14ymedio, Havana, 18 August 2016 – The Surgidero de Batabanó, a fishing port with a little over 5,000 inhabitants, seems a place forgotten by modernity and development. However, among its humble homes and deteriorating streets lies one of the main centers of the illegal lobster trade that supplies Havana.
With an abundance of shellfish on the seabed, the economy of this coastal area, belonging to the province of Mayabeque, centers around the Industrial Fish Company and the Seafood Factory, but also the illegal capture of the queen of Cuban tables, the demand for which has grown with the increase in tourism and the expansion of private restaurants.
While glamorous dining locales have given rise in recent years to a lobster dish that never costs less than 15 Cuban convertible pesos, in Surgidero de Batabanó it is a common food on the tables of the poorest inhabitants. Most of their streets may be unpaved and at night the town is boring and dark, but the sea guards the greatest wealth all the residents there possess.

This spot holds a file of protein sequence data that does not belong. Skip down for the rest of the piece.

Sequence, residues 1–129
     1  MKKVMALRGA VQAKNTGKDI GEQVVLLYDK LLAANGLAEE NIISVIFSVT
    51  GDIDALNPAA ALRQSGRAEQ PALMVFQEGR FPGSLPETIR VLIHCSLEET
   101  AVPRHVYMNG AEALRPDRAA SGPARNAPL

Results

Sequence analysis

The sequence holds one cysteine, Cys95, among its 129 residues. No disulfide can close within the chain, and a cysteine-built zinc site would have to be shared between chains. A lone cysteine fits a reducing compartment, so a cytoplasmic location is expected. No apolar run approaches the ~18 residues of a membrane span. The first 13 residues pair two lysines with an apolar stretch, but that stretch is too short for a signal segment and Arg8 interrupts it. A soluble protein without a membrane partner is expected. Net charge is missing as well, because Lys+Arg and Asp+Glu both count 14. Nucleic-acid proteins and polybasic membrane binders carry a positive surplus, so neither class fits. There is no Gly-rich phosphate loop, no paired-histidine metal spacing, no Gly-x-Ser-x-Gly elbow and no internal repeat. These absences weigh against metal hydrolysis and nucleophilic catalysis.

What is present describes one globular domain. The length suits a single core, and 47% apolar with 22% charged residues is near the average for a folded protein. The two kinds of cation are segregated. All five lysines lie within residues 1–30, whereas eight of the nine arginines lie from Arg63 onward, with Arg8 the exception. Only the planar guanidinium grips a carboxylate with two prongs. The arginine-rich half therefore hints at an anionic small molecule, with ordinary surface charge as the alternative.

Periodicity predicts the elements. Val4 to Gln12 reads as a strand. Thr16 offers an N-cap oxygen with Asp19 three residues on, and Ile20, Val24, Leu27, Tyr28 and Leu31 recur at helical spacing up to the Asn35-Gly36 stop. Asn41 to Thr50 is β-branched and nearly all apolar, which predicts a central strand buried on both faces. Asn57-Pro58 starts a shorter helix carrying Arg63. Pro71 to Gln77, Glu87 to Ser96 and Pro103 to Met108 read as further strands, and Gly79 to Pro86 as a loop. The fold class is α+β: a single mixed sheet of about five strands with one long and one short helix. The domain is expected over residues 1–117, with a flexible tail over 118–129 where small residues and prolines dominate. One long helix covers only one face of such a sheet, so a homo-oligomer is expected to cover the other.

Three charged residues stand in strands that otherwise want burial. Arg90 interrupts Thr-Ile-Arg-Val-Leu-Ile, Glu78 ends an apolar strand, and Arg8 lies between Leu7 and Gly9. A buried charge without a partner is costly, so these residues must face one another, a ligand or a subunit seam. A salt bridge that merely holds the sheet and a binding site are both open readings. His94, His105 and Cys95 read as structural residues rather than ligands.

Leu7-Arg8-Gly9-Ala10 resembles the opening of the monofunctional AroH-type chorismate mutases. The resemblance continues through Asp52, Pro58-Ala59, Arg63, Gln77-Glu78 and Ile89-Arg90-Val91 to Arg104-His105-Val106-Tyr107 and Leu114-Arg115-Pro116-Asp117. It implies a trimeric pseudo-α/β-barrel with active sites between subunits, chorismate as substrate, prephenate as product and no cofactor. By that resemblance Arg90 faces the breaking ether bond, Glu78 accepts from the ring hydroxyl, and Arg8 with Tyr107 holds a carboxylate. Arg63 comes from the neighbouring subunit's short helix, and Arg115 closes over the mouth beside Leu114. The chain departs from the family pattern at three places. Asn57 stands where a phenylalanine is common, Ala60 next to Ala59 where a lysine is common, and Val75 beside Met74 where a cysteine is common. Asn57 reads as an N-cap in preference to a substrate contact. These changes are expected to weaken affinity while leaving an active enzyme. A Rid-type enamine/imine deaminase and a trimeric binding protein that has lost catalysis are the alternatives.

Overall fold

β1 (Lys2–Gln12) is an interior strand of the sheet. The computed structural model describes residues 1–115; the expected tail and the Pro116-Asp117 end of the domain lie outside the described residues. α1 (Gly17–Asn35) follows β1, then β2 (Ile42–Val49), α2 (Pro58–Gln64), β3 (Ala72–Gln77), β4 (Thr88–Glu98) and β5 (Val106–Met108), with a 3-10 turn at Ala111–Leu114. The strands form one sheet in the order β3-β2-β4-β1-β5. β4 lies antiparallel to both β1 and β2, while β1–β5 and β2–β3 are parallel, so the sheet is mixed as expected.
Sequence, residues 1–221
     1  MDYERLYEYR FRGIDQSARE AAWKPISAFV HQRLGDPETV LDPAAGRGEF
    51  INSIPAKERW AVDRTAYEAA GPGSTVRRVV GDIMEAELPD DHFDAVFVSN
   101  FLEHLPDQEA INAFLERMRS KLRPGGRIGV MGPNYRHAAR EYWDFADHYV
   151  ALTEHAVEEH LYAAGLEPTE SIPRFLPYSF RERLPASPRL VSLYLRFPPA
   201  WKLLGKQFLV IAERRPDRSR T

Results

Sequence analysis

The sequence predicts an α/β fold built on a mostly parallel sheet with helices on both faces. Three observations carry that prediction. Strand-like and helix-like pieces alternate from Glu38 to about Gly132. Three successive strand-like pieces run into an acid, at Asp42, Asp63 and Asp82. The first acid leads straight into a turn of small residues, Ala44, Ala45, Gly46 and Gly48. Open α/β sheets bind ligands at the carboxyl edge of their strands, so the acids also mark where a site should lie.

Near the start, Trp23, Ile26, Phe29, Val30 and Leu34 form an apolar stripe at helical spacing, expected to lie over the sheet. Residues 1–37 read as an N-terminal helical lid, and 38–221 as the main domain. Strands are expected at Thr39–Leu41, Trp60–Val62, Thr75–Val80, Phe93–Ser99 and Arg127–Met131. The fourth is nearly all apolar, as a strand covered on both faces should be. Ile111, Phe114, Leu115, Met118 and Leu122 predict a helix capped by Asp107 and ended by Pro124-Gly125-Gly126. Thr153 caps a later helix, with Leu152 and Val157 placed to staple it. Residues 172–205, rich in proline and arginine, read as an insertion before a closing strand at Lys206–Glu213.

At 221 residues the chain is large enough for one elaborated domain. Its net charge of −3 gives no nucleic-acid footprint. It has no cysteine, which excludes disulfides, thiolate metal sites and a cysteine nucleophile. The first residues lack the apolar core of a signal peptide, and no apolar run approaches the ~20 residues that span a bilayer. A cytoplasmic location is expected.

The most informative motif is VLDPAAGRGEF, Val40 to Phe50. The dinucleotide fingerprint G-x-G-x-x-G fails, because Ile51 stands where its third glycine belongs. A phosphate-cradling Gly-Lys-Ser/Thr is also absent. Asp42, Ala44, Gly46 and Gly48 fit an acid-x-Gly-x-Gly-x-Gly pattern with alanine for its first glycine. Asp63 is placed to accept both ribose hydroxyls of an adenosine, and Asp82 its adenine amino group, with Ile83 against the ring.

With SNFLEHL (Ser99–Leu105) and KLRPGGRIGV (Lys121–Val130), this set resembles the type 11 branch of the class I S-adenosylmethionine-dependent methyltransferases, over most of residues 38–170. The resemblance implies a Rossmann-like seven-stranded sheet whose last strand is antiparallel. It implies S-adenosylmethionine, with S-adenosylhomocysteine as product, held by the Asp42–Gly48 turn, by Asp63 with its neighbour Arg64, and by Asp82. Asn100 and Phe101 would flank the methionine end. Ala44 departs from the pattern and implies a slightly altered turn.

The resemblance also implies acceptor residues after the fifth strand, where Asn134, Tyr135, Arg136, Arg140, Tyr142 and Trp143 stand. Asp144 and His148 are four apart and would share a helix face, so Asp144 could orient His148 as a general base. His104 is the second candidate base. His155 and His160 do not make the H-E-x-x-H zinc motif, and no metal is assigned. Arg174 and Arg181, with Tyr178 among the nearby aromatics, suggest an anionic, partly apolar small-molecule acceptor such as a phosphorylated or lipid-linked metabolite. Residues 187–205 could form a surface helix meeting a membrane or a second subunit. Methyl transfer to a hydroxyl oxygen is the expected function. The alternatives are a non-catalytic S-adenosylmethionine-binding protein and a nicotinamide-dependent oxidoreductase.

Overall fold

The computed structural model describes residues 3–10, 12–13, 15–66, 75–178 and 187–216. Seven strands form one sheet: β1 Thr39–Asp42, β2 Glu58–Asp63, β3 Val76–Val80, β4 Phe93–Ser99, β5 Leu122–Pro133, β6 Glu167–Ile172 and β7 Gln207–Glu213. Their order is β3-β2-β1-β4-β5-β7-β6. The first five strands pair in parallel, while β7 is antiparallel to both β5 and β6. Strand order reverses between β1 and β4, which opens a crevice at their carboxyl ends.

From their humble houses, hidden in suitcases under clothing, camouflaged with ingenious covers and pursued by the police who control the roads, travel the lobster tails that end up on the menu of the finest Havana paladares, the capital city’s private restaurants.